The Seven Last Words of Christ on the Cross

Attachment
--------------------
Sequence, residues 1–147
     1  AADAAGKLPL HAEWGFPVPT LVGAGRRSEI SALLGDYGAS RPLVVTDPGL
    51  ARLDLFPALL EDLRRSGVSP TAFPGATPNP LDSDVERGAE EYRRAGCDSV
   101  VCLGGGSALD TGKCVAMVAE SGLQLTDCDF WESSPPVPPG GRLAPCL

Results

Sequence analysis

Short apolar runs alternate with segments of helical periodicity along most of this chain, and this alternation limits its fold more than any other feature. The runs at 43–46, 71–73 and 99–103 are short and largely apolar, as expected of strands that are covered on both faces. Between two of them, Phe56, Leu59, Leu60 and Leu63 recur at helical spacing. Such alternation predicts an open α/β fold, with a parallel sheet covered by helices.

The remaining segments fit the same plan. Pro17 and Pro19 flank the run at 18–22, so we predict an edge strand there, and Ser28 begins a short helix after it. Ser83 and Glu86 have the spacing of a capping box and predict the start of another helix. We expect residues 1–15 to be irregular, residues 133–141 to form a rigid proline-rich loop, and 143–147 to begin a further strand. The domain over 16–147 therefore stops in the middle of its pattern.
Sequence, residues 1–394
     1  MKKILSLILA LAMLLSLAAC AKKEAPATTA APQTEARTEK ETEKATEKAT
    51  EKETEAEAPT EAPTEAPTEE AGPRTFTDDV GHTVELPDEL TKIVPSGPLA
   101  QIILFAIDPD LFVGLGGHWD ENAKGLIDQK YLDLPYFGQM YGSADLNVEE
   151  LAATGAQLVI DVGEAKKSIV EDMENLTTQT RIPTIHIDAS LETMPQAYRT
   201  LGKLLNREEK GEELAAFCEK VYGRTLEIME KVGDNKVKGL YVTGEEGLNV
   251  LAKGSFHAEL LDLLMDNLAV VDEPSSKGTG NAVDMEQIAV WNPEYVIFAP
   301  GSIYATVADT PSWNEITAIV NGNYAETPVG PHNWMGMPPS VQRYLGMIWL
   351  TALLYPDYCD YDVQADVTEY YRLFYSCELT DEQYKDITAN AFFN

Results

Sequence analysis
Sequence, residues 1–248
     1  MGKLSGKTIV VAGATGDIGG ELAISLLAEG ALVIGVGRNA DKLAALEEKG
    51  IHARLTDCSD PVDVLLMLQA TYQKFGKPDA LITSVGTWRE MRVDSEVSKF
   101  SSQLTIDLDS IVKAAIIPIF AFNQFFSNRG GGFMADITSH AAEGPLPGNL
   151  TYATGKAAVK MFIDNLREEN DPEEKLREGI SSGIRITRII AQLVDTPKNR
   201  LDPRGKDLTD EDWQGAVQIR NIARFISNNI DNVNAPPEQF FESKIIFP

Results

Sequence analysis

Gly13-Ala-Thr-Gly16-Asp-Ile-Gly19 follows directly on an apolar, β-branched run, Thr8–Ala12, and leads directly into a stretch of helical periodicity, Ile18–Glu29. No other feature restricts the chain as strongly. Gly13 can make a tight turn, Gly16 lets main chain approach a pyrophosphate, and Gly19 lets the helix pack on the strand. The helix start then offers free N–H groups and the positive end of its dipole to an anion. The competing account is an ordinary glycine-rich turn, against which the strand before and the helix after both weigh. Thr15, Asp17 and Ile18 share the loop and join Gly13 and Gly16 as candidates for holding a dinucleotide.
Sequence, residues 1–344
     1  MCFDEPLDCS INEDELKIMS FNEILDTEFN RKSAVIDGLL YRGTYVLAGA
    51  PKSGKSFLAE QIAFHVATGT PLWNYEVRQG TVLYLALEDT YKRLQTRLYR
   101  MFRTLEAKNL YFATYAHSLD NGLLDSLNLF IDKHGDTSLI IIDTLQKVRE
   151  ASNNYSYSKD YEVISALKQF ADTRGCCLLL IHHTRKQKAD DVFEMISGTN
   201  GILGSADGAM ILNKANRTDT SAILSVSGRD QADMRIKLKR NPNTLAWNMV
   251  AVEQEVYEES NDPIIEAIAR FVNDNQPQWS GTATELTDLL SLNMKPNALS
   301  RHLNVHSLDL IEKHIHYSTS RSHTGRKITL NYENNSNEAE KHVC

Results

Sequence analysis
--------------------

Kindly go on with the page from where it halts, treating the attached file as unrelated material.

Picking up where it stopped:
WHEN HE COMPOSED THE SEVEN LAST WORDS OF OUR SAVIOR ON THE CROSS, Franz Joseph Haydn (1732–1809) was at the height of his career. Commissioned in 1786 by the canons of the Cathedral of Cádiz, these sonatas were destined to accompany the periods of inner silence that punctuate meditation on the seven last words of Christ, read by the local bishop during Holy Week. As Haydn himself described it to his publisher, “The walls, windows, and pillars of the church were draped in black; one lone large lamp suspended in the center broke this sacred obscurity. At noon, all the doors were closed and the music then began. After an appropriate prelude, the bishop would go up to the pulpit, pronounce one of the seven words, and reflect upon it. He would then descend from the pulpit and bow low before the altar. This interval was filled with music.” This tradition of long meditation on the last words of Christ, though not a liturgical office as such, is still celebrated to this day in many cathedrals, in Spain and the United States for example, at noon on Good Friday, before the office of the Passion takes place around three o’clock in the afternoon. Following the success of the orchestral version performed in Cádiz, which assured the work's renown throughout Europe, the next year, with the declared intention of making this meditation available to all, Haydn produced the score for string quartet from which the setting for string orchestra, featured here, is drawn. He next produced an adaptation for piano (whose repertoire, with the recent invention of the fortepiano, was in full expansion), and then, finally, a score for choir and orchestra. INTRODUCTION TO THE MUSIC BY FRANZ JOSEPH HAYDN 14